Vista flops:

(Windows–ed.) XP was supposed to be off the vendor’s (Micro$oft–ed.) price list by the end of January 2008. Now it will stick around until the end of the second quarter. The cut down Starter edition for very low end machines will stay on Microsoft’s price list till 2010.

Mike Nash, Microsoft corporate vice president, Windows product management, put a brave face on the decision, claiming that, “While we’ve been pleased with the positive response we’ve seen and heard from customers using Windows Vista, there are some customers who need a little more time to make the switch to Windows Vista.”

Or put another way, punters are doing anything they can to avoid having to install and run Vista on their machines.

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29 September 2007 · Comments Off · Categories: Political Economy

Robert Reich on bailouts. Read the whole thing. It’s worth three minutes of your time:

It’s true that people tend to be less cautious when they know they’ll be bailed out. Economists call this “moral hazard.” But even when they’re being reasonably careful, people cannot always assess risks accurately. Many of the mostly poor home buyers who got into trouble did NOT in fact know they couldn’t afford the mortgage payments they were signing on to. The banks and mortgage lenders that pulled out all the stops to persuade them to the contrary were in a far better position to know; after all, they had lots of experience at this game. So did the credit-rating agencies that gave these loans solid credit ratings, as did the financiers who bundled them with less-risky loans and sold them to other financial institutions, and the hedge fund managers who quietly tucked them into their portfolios.

The real moral hazard in this saga started when Fed Chair Ben Bernanke cut the Fed’s discount rate (charged on direct federal loans to banks) and announced that the Fed would take whatever action was needed to “promote the orderly financing of markets.” Translated, this means that lenders, credit-rating agencies, financial intermediaries, and hedge funds will be bailed out, one way or another, because they’re simply too big to fail. Note that behind every one of these institutions lie thousands of well-paid executives who would have lost big if the Fed didn’t come to their rescue. Even though they had more information and experience at risk-taking than the suckers who borrowed their money, and even though executives at the top of these instutions typically earn more in a day than the borrowers do in a year, moral hazard somehow doesn’t apply to them.

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29 September 2007 · Comments Off · Categories: Personal Musings

For three summers while I was in college, I worked for the local health department, performing clerical duties and pulling a mobile clinic from place to place–four different locations every week.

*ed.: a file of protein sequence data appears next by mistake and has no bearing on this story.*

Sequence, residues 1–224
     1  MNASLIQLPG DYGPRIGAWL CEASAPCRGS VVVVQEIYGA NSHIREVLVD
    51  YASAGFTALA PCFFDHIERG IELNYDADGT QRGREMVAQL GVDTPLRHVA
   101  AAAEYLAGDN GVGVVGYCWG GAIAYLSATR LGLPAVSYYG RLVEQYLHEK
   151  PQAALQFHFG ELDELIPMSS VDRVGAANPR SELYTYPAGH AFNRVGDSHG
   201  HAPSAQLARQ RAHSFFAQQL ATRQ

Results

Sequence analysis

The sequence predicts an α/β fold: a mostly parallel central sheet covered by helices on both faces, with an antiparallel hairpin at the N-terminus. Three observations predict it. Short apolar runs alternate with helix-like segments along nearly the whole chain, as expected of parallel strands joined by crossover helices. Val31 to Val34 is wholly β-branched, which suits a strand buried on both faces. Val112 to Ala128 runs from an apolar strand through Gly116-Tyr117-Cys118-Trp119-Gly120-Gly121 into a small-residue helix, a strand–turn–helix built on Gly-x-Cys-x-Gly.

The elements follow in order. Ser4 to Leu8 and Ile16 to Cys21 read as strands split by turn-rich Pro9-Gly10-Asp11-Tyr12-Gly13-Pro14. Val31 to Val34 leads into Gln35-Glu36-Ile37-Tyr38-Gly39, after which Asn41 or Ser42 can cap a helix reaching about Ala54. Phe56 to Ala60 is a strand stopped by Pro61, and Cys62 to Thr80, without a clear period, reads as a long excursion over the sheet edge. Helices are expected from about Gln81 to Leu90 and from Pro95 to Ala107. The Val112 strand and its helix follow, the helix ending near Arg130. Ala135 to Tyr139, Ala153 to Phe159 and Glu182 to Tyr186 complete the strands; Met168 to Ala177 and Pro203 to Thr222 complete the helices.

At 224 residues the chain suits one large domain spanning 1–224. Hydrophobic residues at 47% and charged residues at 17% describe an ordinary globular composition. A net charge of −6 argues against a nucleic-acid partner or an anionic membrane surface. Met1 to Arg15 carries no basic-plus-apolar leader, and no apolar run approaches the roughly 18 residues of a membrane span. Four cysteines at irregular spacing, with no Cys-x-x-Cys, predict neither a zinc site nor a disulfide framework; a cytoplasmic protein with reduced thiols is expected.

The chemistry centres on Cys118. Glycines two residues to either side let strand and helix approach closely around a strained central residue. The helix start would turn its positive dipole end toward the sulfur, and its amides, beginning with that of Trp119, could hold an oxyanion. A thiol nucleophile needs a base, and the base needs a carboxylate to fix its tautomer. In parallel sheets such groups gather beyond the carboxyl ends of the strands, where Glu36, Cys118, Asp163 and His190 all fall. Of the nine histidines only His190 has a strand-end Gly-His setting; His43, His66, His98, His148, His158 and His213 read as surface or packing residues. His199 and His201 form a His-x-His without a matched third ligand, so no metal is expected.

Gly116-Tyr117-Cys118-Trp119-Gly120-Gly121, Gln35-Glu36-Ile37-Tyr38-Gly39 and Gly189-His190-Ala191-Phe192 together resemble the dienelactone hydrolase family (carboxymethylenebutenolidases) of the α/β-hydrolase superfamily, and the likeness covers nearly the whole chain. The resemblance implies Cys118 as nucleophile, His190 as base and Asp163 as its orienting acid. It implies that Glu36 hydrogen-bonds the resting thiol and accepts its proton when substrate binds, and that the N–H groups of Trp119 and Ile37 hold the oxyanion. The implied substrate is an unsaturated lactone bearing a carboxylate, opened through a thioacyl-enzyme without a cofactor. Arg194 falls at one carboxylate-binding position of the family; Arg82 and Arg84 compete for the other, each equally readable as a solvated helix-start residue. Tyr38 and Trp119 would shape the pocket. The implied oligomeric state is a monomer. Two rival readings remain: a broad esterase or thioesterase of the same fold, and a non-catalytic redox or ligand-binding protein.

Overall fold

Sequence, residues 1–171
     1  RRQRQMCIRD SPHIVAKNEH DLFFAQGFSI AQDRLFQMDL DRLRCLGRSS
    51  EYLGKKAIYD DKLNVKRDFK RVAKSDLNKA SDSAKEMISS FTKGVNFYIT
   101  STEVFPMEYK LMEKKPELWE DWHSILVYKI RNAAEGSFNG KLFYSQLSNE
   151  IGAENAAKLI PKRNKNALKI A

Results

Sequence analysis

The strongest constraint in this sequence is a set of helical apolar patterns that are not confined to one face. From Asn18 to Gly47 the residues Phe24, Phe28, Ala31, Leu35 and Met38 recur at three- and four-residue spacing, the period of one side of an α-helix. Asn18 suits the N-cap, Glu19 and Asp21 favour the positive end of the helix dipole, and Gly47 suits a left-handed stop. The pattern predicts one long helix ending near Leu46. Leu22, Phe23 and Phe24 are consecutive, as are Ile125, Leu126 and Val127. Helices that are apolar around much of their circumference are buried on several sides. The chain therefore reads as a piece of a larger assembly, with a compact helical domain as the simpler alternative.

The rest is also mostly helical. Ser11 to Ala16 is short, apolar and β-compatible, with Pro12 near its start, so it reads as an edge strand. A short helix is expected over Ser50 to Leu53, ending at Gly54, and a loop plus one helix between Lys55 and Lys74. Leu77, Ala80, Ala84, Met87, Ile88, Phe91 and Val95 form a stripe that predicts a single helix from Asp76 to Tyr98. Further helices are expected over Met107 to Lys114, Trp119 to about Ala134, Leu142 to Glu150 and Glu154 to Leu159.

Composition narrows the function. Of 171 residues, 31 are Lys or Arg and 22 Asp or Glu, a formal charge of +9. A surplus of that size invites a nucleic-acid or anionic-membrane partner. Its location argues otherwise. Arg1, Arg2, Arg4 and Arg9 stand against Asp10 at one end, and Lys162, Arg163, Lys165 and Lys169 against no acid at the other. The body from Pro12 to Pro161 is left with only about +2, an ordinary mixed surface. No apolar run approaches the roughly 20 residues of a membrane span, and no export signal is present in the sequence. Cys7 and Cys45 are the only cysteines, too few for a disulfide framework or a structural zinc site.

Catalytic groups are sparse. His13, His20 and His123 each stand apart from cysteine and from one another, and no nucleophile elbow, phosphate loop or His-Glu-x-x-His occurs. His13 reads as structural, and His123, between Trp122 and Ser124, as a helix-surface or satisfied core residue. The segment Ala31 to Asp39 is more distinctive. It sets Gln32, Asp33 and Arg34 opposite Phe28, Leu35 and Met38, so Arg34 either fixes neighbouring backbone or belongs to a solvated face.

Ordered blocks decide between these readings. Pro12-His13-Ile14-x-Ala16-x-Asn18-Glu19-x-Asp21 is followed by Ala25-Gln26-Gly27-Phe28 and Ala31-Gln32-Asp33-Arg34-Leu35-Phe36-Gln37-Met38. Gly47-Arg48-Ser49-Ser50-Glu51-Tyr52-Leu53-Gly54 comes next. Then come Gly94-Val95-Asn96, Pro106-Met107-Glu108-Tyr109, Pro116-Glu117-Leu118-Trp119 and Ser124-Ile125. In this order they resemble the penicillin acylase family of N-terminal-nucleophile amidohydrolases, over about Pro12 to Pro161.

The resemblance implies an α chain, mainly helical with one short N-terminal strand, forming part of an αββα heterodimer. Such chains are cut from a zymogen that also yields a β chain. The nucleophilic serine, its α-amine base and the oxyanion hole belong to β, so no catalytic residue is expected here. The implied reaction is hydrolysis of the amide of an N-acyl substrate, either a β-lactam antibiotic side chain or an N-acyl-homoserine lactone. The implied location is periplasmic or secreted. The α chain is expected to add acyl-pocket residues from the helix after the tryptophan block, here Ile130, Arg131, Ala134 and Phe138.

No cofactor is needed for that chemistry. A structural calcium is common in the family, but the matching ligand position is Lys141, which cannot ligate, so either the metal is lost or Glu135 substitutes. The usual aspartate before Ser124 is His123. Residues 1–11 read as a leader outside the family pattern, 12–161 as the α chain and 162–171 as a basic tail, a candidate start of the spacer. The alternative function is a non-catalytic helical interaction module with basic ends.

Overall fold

The health department had four bathrooms in the waiting area: two labelled “Men” and two labelled “Women,” two in the front of the room and two in the back.

Klutz that I am, it took me a while to realize that, only a few years before, one was labelled, “White Men,” one was labelled “Colored Men,” and–oh, well, you get the picture (yeah, there were two unlabelled water fountains, also).

Dick Polman’s blog post brought those memories back to me.

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USA Today claims to be able to help you choose. (Don’t forget to weight the issues after finishing the quiz).

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The world is going to–oh, never mind.

The public is cordially invited to attend a festive wedding celebration to be held this weekend at the spot where the bride and groom first met.

The bride-to-be Nana Taylor and fiance Switzer Naylor met at the public bark park at Carousel Park on Limestone Road in Pike Creek, where their wedding ceremony is to start at 4 p.m. Sunday.

It’s a suitable spot — considering they’re dogs.

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26 September 2007 · Comments Off · Categories: First Looks

Dick Polman.

Please read the entire post. It has something the Current Federal Administration does not.

Facts.

I realize, of course, that the Blackwater dispute isn’t nearly as important as the portentous struggle over a two-week-old moveon.org newspaper ad; after all, the Blackwater story is merely about the deaths of at least 11 Iraqis and the wounding of 12 more, and we know that, in American politics, those faceless people matter a whole lot less than a few juvenile words aimed at an American military man. But, for the heck of it, consider this chronology: